My Weekly Writing Challenge

Is inspiration failing you this week? Then why not give my latest writing challenge a go?

Option one: Write a limerick with the word TROUBLE in it somewhere

Option two: Write a poem on the theme of FEAR

Option three: Write a twenty-word story using all of the following words: BARBARIC, ECONOMY, NUN, TRIVIA, QUANDARY and LOVE

Last week option one was to write a limerick with the word PARTY featuring in it somewhere. Here are the results –

I could read a whole book of Keith Channing‘s limericks and still want more: 

First we must invite Russell Harty
And never forget Moriarty.
Once we have that pair
We’re near halfway there
To the world’s most exceptional party.

When moving into a new city
You must choose a house that is pretty.
A party’s a must
To gain neighbours’ trust
If not, your new life will be… erm… gritty?

When faced with a boss who’s imperious,
Whose attitude is deleterious,
You must remain hearty,
Accept life’s a party
And not something that should be serious.

The parties have made their selection
After round upon round of rejection.
The doves and the hawks
Both accept money talks,
But they’ll still never win the election.

A shrewd speculator invested
In a seat that was safe – uncontested.
The party believed
That it was well conceived,
But it hadn’t been properly tested.

And my weekly challenges aren’t quite the same if Graeme Sandford doesn’t treat us with his own unique limericks:

Party Limerick #1

If I write you a Limerick about a party
And it’s good I will feel such a smarty
But, if it’s not
And the party is grot
Then I may just have to go back to the starty.

Party Limerick #2

A party once held in East Finchley
Was never mentioned in Limericks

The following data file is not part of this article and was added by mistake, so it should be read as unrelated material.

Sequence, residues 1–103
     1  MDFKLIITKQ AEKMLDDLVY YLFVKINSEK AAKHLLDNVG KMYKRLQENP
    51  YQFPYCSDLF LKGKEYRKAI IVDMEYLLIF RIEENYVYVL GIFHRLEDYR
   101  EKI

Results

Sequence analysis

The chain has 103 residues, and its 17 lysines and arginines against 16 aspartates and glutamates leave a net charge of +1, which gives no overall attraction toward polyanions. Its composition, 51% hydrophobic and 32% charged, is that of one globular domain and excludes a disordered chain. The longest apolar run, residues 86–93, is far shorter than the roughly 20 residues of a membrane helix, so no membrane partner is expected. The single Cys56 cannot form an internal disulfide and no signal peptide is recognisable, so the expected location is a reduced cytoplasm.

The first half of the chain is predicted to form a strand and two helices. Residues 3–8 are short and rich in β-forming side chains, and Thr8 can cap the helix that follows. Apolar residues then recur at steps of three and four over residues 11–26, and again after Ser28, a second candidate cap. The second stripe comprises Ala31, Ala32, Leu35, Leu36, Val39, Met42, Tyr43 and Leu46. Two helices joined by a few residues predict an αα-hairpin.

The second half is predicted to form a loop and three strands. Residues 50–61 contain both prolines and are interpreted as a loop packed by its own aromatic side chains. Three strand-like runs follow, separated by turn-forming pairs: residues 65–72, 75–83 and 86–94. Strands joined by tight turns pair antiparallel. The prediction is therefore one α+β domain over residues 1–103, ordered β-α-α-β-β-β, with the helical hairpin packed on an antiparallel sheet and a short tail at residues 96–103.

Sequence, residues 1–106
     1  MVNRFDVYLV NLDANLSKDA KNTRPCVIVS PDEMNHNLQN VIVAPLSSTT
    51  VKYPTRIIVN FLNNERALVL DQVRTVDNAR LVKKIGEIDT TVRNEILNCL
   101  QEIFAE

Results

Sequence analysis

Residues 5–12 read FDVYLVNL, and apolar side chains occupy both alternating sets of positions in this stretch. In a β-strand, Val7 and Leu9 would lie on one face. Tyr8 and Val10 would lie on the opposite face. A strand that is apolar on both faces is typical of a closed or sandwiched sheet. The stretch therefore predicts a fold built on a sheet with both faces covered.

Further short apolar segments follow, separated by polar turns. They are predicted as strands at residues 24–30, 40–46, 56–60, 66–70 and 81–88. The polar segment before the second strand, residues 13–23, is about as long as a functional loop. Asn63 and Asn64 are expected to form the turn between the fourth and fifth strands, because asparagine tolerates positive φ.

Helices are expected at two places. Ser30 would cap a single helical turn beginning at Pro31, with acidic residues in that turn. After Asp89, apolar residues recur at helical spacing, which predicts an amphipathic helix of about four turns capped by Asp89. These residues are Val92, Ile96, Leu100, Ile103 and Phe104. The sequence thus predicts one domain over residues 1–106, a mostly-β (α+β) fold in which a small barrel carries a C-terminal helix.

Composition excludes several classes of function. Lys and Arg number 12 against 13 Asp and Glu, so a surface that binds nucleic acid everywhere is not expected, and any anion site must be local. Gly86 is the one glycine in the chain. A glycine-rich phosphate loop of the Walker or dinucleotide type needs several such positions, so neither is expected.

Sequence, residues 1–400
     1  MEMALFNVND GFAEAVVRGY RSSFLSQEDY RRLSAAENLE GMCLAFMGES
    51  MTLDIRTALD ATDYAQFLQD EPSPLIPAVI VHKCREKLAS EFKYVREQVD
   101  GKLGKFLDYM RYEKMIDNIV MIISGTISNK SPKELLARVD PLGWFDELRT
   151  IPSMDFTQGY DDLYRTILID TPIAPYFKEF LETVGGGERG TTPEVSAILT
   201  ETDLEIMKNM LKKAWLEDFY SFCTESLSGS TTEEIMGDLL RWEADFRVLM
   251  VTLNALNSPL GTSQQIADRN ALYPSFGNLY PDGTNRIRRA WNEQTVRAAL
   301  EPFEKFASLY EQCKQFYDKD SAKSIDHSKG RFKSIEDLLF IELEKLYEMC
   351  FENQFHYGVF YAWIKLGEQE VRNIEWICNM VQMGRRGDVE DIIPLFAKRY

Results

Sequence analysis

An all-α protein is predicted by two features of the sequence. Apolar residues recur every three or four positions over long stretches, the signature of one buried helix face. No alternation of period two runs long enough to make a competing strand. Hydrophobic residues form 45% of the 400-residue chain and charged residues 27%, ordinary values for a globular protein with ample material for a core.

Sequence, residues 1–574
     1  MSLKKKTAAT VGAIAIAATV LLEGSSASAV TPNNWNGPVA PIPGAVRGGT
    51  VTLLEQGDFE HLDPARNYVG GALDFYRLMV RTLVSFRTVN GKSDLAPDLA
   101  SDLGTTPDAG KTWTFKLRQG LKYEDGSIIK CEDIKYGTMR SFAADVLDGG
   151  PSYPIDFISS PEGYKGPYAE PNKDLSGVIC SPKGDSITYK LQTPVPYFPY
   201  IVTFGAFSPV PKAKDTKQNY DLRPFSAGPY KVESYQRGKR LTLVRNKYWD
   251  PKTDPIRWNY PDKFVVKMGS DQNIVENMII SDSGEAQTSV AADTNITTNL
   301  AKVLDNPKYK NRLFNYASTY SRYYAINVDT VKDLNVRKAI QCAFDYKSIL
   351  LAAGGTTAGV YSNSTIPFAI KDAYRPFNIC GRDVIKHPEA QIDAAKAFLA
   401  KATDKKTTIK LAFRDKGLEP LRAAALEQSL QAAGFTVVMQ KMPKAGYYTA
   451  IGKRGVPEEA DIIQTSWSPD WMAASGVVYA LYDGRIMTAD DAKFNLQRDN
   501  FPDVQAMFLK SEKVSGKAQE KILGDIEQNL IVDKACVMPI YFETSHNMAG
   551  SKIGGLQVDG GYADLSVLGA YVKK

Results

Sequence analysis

I wonder why
Maybe it’s because
East Finchley is not that easy to rhyme.

Party Limerick #3

The cake and the jelly were flowing
The music showed no sign of slowing
But, then, the worst
The big bubble burst
And the politicians denied what they were knowing.

Party Limerick #4a and #4b

Parties come and parties go
Some in the sun some in the snow
By the pool
Act the fool
Jelly and ice cream, cake and co.

That’s not really a Limerick about a party
I was just being clever, trying to be a smarty
But, you know it’s my way
It how I am on my birthday
Oh, no, that is next week, silly tart, me!

Party Limerick #5a and #5b and #5c (parts 1&2) and #5d

I’m on the party line listening to your conversation
The year is nineteen seventy one in this nation
I was calling my girl
Now my head’s in a whirl
As I struggle to comprehend your elation.

You had a cake and some jelly
Watched the black and white telly
Played games
Kissed James
But, not Nigel, because he is smelly.

I’m Nigel and at your party I had some cake
Sang ‘Happy Bugday’ and stepped on a rake
Fell into your pond
And of you, I was fond
But, I think that I made a mistake
By spraying myself with Mum’s perfume
From a bottle I found in her room
Channel no.5 it did say
So I did gleefully spray
The whole of myself – thus my doom.

Is to be thought of as a smell and to annoy
Whose reeking was not greeted with joy
That’s why outside
I was seeking to hide
Until I floated in your pond like a buoy.